Latin iūs gentiumiūslawgentiumgenitive pl. ofgēnsnation
Tables towards the wider, more general and more humane jus gentium.
Both jus naturale and lex naturalis are as early as Cicero, and the jus gentium of the Roman lawyers is earlier still.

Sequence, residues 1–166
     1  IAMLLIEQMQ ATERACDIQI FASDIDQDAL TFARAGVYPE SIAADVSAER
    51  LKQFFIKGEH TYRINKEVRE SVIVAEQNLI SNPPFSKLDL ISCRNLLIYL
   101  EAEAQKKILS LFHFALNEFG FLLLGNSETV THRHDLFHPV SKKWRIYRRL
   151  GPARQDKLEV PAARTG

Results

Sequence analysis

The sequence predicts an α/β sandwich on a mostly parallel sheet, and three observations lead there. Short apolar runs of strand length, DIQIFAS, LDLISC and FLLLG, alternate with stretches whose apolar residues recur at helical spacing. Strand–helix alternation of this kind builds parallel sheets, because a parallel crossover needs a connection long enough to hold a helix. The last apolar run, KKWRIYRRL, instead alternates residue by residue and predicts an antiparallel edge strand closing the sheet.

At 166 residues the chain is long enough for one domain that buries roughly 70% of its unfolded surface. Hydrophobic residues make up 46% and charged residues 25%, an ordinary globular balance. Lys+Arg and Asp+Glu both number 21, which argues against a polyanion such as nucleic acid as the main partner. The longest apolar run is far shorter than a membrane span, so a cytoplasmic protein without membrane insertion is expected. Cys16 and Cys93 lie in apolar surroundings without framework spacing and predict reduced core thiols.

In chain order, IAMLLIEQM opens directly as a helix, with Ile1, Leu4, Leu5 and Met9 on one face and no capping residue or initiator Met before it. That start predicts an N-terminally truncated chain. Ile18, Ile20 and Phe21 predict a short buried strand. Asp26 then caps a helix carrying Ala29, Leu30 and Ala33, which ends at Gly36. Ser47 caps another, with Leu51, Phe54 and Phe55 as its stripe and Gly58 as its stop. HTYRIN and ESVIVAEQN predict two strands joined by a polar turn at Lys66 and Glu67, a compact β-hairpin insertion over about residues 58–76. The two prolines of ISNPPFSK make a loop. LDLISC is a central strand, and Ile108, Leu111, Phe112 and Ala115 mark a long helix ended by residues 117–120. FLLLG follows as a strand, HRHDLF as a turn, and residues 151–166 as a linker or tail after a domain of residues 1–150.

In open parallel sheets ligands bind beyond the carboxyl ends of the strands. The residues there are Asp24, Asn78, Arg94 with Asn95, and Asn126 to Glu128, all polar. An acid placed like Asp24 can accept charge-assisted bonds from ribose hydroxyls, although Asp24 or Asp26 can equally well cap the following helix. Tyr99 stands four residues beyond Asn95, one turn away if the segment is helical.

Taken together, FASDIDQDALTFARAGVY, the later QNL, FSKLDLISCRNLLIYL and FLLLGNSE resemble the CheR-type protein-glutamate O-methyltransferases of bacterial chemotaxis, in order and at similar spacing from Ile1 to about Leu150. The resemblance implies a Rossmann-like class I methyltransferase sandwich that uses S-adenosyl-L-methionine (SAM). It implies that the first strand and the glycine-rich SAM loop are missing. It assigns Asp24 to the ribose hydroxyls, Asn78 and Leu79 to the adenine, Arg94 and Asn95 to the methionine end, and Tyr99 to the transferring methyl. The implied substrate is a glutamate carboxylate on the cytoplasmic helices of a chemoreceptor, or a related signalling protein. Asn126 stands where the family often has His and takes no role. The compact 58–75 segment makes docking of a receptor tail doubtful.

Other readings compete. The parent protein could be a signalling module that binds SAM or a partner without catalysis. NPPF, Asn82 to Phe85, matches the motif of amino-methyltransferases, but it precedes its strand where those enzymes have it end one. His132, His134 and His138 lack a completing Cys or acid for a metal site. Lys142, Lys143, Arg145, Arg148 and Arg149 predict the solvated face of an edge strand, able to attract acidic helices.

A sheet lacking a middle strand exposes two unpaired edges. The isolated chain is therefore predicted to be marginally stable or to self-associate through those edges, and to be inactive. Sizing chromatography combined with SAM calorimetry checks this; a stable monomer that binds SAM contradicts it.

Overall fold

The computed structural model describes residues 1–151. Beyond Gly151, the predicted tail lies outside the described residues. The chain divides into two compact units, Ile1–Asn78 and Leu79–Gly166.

It supplied them with an incentive to scientific research in archaeology and grammar; it penetrated jurisprudence until the belief in the ultimate identity of the jus gentium with the law of nature modified the praetor's edicts for centuries.